Elsewhere in the vast YouTube library, I came across the one at the top of this post. I haven’t made my way all the way through that video yet – it’s a deceptively simple killer, one that Rick points out is similar to the notorious Insanity workout – but I think it’s the very simplicity of the concept, and of the execution here, that makes it so appealing. Knock yourself out, then catch your breath. Knock yourself out again, breathe some more. I’ve been doing an even simpler version of this on my home treadmill, and I’m finding it surprisingly easy. Continue reading

Boston-Origin ‘November Project’ Takes Nation’s Capital By Storm

You heard it here, first: That the November Project — the free, early-morning “fitness tribe” that is the brainchild of two Boston-based crew buddies — would go far.

(What is the November Project? If you’re asking that, you’re probably not a young, fit Bostonian, because the NP is already legend in Beantown. Here’s the full backstory: Two Guys Walk Into A Bar And A Free Fitness Movement Is Born, and the movement has now spread to multiple cities across four time zones and counting.)

Now here it is emblazoned across the virtual pages of the leading newspaper in our nation’s capital: “November Project: Hugs and Fitness.” According to the Post, of the 17 fitness “tribes” that have been launched in various cities, the D.C. contingent is second in size only to the mother of all tribes here in Boston. It’s gathering hundreds to its early-morning workouts — documented in lovely Post photos of burpees against a Washington Monument background. One cannot help but note that the denizens of the cutthroat political culture of D.C. might be particularly in need of both hard muscles and hugs.

The November Project members don’t believe in handshakes, the story notes:

What they do believe in is the grass-roots movement started in 2011 in Boston by Brogan Graham and Bojan Mandaric, two former Northeastern University rowers who made a pact to exercise together throughout the month of November (hence the name). When friends — and, eventually, strangers — began to join them as they ran the stairs of Harvard Stadium, they decided they didn’t just want to get stronger and faster. They had a new goal.
“We want to change the way people see fitness,” Mandaric says.

How far will this thing go? To quote Bojan Mandaric from our 2012 story: “I have no idea…”

The Grown-Up, Full-Body Playground Workout In 10 Moves

(YouTube)

(YouTube)

Perfect timing. Yet another study, just out, finds that fun is good for you. Or rather, as The New York Times puts it:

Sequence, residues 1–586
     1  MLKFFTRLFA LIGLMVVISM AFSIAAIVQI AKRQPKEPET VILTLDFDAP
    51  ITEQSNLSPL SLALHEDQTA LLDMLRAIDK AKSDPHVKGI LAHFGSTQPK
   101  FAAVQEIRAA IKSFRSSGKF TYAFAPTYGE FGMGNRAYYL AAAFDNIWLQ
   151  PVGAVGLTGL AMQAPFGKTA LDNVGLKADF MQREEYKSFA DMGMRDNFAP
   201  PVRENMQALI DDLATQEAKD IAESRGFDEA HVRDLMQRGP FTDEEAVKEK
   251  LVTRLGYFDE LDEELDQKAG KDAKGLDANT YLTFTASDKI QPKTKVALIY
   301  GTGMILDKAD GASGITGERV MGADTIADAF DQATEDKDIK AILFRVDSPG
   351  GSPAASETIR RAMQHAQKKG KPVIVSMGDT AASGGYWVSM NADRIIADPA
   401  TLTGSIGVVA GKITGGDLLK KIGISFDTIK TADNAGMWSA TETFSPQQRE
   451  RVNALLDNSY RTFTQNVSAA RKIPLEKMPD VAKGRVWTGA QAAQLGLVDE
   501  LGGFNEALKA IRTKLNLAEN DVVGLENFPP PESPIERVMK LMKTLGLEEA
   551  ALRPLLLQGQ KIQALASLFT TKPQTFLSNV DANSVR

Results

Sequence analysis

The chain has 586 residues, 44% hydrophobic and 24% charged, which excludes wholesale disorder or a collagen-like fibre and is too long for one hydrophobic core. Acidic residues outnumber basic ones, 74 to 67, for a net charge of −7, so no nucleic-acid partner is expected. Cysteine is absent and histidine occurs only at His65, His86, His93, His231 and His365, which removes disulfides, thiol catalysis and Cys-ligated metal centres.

“If you are aiming to lose weight by revving up your exercise routine, it may be wise to think of your workouts not as exercise, but as playtime. An unconventional new study suggests that people’s attitudes toward physical activity can influence what they eat afterward and, ultimately, whether they drop pounds.”

Responds one commenter: “Finding fun in fitness has to be an essential part of any effort.”

About once a week, I run — or rather, plod — up a giant hill. There’s no way I can call that fun. But at the top there’s a newly renovated playground, and I asked personal trainer Kat Setzer, who writes the How To Be An Athlete roller derby blog, to design a fun but efficient playground workout for real, middling-fit people like me. (As opposed to superhumans like the video hulk in the photo above. What good is a workout when you can’t even do an exercise once?)

Important note: No children were excluded from playground equipment in the making of this workout (none were out in the early morning when we ran through it. And honest, if they’d been around, we’d have given them dibs.) Also, remember to warm up and cool down. And aim for two or three circuits.

1. Swing split squat: Stand one long stride ahead of the swing and put one foot on the swing. Bend both knees until your front leg is bent to 90 degrees. Get your back knee as low as you can. Keep your weight on your front heel if possible. (Think of it as a lunge with your back foot up.) Fifteen times on each side.

Kat Setzer demonstrates the Swing Split Squat.

Kat Setzer demonstrates the swing split squat.

2. Swing knee tucks: Facing the ground, put your hands down in push-up position and your feet on the swing in plank position. Tuck your knees into your chest, then straighten your legs. Repeat. You can make this easier by putting your knees in the swing’s seat and holding a plank. Fifteen times.

Kat Setzer demonstrates knee tucks on the swing.

Kat demonstrates knee tucks on the swing.

3. Box jump onto platform Start in a squat next to a platform that’s 6-12 inches from the ground, feet shoulder width apart, legs parallel. Continue reading